Whatever your will says, the statements should be clear and direct. Never leave room for doubt about your intentions, says Albert Podell, a New York lawyer who litigates wills. If you decide to disinherit someone, state your exact reasons for doing so. Don't merely leave the person out of the will. It can be challenged on the ground that you made an oversight. And saying "I leave nothing to my son John" isn't enough, either. He might successfully contest the will by claiming you were unduly influenced by other heirs.

The chance of error rules out a do-it-yourself approach to will-making. If any part of the document is incorrect, "the entire will can be invalidated," says Stephen Kornreich, a New York attorney who specializes in will preparation. "Then the state's laws of intestacy take over, as if you had died without a will."

Computer software or books of fill-in-the-blanks legal forms sell for less than $100 but could cost your heirs much more. For instance, your homemade document may not be valid everywhere. And you may run into problems if you don't realize that certain states, such as Louisiana, Maine, and New Hampshire, require three witnesses instead of two. (For safety, always have three people witness your signature, in the event you move to or buy real estate in a three-witness state.) Procedures must be followed exactly, too: If you sign your will first and then go next door to have your neighbor sign as a witness, a challenge could be raised on the ground that no one actually saw you put pen to paper.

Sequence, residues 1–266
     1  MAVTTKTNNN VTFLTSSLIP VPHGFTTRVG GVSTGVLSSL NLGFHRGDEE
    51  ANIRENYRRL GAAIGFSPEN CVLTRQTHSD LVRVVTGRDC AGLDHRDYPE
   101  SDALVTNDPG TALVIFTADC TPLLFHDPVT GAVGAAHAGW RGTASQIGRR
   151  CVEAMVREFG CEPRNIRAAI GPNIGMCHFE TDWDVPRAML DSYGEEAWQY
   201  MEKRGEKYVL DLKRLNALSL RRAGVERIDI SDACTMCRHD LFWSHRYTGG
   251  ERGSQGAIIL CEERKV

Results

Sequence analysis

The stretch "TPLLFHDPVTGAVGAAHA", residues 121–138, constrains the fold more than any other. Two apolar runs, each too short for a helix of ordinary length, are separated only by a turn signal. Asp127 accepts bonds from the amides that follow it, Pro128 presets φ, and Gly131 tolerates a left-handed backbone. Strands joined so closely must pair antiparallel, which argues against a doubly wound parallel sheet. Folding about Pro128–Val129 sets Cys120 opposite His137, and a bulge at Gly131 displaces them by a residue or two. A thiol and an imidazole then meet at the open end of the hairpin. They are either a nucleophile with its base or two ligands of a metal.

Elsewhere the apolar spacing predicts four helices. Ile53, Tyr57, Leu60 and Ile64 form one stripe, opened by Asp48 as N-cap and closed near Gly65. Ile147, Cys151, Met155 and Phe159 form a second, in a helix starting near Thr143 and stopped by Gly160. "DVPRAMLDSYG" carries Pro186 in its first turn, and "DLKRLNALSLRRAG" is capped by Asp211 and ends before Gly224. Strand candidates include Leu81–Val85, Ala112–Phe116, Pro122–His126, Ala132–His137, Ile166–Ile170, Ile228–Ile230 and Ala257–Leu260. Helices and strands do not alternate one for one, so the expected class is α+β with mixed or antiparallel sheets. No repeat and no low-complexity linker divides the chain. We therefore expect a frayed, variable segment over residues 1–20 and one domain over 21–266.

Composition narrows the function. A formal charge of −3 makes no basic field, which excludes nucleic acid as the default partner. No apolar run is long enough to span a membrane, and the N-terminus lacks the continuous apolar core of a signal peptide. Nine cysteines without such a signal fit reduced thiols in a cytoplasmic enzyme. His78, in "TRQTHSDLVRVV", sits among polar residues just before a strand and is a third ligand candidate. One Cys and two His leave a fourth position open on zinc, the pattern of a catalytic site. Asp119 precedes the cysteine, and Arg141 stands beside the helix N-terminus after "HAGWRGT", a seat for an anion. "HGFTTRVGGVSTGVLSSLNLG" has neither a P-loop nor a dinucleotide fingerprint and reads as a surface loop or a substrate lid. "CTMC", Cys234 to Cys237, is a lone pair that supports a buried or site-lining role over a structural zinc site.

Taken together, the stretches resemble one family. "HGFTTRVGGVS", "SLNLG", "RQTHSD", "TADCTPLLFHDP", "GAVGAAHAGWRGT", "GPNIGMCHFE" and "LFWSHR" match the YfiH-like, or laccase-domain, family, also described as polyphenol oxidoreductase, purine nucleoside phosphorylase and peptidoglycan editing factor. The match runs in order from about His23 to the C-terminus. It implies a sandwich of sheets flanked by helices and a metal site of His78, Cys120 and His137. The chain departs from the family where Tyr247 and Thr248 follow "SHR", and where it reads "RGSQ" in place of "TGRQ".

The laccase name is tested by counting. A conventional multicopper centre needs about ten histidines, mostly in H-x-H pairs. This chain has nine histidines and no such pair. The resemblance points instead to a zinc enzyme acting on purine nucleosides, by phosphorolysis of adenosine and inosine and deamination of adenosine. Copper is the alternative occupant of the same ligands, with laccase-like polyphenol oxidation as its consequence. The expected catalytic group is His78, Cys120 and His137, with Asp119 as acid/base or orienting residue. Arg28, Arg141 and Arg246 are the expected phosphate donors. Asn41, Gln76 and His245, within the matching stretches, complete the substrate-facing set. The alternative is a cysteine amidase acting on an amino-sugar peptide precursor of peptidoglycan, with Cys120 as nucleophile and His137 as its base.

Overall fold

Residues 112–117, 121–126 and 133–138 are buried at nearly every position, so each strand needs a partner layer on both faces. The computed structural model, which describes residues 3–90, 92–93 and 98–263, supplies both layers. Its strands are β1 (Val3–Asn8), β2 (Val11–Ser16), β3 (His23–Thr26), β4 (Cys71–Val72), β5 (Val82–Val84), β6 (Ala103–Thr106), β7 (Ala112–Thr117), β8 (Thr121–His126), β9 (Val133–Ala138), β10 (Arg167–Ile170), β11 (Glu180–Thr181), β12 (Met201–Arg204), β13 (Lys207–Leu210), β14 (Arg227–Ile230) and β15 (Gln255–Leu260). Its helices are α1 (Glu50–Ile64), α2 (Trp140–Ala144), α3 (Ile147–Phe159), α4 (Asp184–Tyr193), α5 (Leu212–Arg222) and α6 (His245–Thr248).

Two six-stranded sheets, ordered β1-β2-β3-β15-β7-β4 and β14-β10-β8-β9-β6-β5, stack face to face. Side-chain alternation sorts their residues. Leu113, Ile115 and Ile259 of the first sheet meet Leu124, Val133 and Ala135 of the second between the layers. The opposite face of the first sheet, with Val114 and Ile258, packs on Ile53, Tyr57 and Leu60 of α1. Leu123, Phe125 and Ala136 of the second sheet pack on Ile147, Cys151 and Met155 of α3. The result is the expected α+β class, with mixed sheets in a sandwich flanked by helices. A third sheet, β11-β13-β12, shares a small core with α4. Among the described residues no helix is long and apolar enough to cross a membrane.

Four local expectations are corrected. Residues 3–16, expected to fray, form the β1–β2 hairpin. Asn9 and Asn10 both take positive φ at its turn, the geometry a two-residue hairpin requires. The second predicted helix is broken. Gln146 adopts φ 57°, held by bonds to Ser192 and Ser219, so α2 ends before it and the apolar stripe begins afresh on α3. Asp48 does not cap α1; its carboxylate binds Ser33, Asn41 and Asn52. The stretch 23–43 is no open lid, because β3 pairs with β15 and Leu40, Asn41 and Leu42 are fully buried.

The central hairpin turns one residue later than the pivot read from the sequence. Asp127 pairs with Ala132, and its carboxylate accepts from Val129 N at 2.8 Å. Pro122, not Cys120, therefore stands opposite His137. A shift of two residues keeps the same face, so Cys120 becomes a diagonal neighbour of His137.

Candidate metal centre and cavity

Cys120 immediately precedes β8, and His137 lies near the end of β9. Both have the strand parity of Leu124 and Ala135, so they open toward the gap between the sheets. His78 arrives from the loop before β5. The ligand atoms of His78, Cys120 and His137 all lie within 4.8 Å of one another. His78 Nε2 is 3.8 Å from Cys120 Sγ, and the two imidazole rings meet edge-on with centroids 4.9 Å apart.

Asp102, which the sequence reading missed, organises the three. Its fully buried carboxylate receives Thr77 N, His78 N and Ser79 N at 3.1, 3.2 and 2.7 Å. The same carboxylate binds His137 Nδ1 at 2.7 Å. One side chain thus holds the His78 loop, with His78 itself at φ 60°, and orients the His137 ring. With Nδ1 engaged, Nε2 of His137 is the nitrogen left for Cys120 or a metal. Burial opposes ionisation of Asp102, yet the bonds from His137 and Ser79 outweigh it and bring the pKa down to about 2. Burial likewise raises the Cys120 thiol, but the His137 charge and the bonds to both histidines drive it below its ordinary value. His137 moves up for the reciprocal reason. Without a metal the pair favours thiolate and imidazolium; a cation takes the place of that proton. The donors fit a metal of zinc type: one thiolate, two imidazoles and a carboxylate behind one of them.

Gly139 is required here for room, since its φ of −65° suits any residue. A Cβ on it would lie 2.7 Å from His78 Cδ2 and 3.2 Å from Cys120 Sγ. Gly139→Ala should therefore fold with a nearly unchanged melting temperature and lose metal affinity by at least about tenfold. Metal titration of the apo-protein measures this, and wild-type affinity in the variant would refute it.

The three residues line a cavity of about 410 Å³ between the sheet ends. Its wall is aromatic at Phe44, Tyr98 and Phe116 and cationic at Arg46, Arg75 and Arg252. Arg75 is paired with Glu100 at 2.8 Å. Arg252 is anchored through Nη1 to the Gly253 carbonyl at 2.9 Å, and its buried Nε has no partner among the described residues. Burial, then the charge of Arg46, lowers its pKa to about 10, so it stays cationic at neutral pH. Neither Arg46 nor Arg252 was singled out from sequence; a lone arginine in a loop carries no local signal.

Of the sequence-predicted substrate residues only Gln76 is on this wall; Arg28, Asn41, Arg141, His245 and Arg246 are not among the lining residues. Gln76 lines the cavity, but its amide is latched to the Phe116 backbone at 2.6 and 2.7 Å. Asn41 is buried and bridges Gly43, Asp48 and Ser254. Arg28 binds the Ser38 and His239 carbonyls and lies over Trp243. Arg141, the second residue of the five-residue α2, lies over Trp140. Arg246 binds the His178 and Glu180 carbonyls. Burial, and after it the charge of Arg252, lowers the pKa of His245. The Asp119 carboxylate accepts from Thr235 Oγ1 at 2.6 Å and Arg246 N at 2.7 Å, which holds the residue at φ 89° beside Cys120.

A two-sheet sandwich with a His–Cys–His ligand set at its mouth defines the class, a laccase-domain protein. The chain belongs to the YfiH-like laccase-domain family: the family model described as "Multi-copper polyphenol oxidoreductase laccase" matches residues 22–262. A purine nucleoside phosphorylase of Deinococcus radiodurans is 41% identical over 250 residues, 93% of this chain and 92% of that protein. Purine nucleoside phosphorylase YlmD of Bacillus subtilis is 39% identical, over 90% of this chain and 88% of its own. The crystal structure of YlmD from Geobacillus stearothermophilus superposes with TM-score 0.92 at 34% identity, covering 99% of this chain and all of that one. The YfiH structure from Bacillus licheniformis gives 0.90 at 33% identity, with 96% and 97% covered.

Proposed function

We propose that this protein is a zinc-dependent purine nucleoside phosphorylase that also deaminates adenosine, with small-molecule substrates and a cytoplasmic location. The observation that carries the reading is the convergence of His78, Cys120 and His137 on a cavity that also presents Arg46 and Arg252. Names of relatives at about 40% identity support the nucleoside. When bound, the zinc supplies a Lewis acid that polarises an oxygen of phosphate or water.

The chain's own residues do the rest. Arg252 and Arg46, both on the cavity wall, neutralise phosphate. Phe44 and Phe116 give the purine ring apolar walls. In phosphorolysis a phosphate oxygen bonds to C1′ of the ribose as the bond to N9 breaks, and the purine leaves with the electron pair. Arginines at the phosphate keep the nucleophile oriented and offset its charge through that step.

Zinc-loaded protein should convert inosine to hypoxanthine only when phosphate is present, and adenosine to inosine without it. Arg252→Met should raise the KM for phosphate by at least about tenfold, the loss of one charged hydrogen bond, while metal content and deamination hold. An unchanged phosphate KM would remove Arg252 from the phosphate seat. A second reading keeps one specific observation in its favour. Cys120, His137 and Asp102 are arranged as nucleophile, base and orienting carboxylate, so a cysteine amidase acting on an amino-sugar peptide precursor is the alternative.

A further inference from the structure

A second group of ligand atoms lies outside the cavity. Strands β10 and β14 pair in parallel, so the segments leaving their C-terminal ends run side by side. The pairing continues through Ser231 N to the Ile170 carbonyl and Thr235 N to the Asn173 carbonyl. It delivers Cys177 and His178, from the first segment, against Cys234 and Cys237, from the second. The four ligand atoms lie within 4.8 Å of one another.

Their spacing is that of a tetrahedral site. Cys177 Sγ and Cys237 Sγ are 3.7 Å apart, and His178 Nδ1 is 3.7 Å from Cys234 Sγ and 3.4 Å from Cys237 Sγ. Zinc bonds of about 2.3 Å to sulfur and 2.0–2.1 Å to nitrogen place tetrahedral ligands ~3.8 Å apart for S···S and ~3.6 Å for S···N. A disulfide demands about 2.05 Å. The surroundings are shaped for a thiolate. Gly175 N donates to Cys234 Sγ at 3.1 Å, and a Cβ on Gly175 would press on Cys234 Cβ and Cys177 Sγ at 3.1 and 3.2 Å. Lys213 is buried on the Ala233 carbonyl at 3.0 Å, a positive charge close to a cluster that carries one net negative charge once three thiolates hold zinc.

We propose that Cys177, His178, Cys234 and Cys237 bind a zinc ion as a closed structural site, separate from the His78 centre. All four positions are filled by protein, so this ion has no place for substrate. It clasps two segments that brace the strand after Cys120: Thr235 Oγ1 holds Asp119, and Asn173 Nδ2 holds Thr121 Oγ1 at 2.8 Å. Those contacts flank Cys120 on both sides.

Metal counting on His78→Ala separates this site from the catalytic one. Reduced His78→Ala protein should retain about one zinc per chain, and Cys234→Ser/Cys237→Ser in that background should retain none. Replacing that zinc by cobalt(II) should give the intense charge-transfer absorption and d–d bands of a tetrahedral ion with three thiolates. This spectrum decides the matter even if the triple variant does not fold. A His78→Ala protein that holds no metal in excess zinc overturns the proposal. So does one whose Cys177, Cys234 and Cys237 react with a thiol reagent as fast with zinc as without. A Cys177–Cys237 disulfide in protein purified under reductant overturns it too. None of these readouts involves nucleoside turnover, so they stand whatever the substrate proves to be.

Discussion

PREVIEW TIME. Writing a paragraph that disinherits your spouse would also be grounds for declaring a will invalid. Depending upon where you live, he or she is entitled to one-quarter or one-half of your estate, no matter what your wishes are.

To avoid a contest or confusion, it's a good idea to discuss any contemplated bequests with your executor and, in some cases, with your heirs. Suppose that you decide to leave your house to two children -- raising the possibility of a battle over who gets to live in it. Your will can instruct the executor to sell the house within a set period and divide the proceeds of the sale equally.